Why Bee Pollen Is The Latest Superfood
The latest ingredient for optimal health? Bee pollen – one of the most nutrient-dense foods on the planet.
It’s the season of bounty! What better way to celebrate the good weather than indulging in the best of the summer harvest? I’m talking about tasty blueberries and cherries, savoury summer squashes, juicy watermelons, refreshing cukes, cherry tomatoes as sweet as candy, and flaky pies baked with sweet summer peaches. There’s one catch, though: We wouldn’t have any of our summer favourites if it weren’t for bees!
There are many things we can be proud of as Canadians, but one of the many that top my list is that we are leaders in efforts to protect bees. In 2015, the Ontario government was one of the first to sign on to permanently reduce 80 per cent of the bee-harmful neonicotinoid pesticides used on corn and soy seed.
Without bees, we wouldn’t have our summer favourites or the root veggies and tubers that sustain us through winter.
For this reason, I’m making this the summer of bee magic. That includes enjoying the best local honey, royal jelly, propolis and, this month’s featured ingredient, bee pollen, as cultivated and shared by my favourite local beekeepers.
Here’s why you might also want to hop on the bee train, which is truly the sweetest ride around.
The goods on bee pollen
Male bees collect pollen from flowers and combine it with their saliva (called nectar) to form small pellets of magical bee power (better known as bee pollen). The bees bring this pollen back to the hive as food for the colony. As they go from flower to flower collecting pollen, they also leave some behind. This is pollination, and it’s responsible for the incredible diversity in our food supply.
Why does this matter to us? Well, this pollen, which we can get at local farmers’ markets and health food stores, carries a power pack of health benefits for us.
The health benefits of bee pollen
Bee pollen is one of the most nutrient-dense foods on the planet. It is approximately 40 per cent protein and has dramatic benefits for our energy levels, thanks to its abundance of B vitamins. Bee pollen has antifungal, antimicrobial, antiviral, anti-inflammatory and anti-cancer properties and is protective of the liver and supportive of the immune system, which makes it helpful in preventing disease.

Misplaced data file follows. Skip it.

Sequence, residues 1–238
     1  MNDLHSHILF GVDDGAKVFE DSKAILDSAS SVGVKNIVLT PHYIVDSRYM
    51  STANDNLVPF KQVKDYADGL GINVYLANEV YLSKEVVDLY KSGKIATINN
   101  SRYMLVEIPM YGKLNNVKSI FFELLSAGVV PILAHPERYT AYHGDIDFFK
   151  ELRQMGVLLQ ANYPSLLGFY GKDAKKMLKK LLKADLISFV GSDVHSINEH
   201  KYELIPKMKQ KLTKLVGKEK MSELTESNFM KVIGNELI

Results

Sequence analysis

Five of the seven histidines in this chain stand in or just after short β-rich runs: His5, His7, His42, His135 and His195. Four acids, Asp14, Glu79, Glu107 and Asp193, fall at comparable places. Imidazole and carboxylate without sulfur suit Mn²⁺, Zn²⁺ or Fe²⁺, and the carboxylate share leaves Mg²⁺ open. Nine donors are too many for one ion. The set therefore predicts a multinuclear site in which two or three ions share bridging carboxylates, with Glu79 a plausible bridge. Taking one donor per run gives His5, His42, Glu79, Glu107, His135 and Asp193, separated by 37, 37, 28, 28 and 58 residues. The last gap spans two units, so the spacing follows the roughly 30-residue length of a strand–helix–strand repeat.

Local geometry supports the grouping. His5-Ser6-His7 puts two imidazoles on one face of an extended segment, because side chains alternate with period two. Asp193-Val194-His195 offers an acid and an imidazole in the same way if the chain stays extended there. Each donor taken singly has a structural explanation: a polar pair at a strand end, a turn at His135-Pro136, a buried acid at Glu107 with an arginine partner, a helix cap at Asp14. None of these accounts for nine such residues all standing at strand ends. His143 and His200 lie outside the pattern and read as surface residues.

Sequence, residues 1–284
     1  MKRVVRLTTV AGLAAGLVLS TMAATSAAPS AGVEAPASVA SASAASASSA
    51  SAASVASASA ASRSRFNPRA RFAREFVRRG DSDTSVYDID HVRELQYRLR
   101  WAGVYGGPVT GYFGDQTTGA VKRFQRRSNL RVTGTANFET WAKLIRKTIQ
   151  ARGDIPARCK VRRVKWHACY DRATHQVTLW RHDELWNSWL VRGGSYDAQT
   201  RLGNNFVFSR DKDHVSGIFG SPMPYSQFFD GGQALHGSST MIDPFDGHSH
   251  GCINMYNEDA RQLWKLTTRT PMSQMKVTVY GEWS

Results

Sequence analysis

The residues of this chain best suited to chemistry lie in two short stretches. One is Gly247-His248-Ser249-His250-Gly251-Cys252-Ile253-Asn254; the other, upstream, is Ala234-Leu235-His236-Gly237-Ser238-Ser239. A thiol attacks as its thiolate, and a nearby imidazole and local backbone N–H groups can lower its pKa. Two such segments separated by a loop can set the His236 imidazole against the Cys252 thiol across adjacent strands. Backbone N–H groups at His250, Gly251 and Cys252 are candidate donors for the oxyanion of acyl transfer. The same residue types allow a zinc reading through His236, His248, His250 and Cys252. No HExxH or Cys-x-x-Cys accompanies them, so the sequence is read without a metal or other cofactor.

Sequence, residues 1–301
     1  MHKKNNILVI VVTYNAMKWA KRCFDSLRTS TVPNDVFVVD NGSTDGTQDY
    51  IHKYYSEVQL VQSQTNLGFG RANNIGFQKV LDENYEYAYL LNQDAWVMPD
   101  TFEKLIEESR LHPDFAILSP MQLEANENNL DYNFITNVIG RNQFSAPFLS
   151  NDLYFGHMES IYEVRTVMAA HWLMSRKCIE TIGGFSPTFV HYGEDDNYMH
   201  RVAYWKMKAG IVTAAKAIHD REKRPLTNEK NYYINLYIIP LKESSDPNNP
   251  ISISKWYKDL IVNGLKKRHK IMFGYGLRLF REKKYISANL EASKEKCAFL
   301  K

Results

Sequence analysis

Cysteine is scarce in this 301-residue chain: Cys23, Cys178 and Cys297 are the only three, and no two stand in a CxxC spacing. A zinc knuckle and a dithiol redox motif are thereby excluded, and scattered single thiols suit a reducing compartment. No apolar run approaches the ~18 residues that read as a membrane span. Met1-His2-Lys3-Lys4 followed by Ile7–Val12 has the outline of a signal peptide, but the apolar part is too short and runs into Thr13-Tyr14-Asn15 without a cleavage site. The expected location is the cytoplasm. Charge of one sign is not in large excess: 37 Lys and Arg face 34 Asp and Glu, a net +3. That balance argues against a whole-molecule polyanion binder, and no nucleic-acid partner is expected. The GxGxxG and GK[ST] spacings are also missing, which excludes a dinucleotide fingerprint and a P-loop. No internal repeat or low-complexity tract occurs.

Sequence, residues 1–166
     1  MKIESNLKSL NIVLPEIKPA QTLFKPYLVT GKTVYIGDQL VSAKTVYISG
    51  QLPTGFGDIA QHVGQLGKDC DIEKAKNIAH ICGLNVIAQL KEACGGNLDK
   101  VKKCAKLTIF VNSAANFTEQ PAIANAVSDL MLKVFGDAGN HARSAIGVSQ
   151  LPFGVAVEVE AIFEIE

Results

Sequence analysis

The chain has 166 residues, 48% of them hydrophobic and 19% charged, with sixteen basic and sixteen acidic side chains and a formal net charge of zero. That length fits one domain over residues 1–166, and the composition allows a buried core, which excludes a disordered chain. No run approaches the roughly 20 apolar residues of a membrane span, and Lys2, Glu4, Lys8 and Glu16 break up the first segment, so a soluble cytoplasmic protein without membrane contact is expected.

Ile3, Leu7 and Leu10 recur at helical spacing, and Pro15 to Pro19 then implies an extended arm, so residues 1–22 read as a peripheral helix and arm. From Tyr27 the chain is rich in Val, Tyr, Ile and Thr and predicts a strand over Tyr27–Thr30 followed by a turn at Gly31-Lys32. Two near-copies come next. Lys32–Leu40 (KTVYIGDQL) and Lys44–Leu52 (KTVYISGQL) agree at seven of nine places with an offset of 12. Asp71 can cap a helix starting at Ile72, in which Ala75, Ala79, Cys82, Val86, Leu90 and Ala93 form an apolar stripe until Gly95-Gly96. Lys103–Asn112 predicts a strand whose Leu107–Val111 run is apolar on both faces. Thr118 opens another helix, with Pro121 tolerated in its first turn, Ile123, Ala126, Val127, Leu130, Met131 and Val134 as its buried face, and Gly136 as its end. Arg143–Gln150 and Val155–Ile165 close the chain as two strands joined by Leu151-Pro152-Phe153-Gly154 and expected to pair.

Studies have also shown that bee pollen has the ability to have a positive effect on the allergy response in the body. I’m telling you, these pellets have some serious flower power.
And that’s just the nutritional side: With its subtle sweetness and floral overtones, it tastes like nothing else on earth. Good bee pollen is rich and creamy and melts in your mouth.
When it comes to bee pollen, quality counts. Much of what we see in stores comes from bees harvesting pollen solely from cornfields. For this reason, there aren’t the same diverse floral notes that you’ll find in pollen from bees who were out in fields of wildflowers. As well, much of the bee pollen that is commercially available has been heated to make it shelf-stable and is often very dried out.
Quality pollen from your local beekeeper is the way to go. You want to ensure that it’s been stored in a fridge or freezer, and remember to do the same when you take it home.
Beekeeper’s Naturals is my go-to Canadian source for the best-tasting bee pollen (and other bee products, including honey and propolis spray) I’ve ever had.
Bee pollen is delicious added to smoothies, sprinkled over cereal and oatmeal, added as a topping to pancakes and waffles, mixed into veggie and fruit salads and even sprinkled on ice cream. And since it’s a power-packed superfood, it’s best to start small, with just half a teaspoon on its own at first to ensure that your body is on board. A little goes a long way.
Try it in a recipe: Bee Pollen Smoothie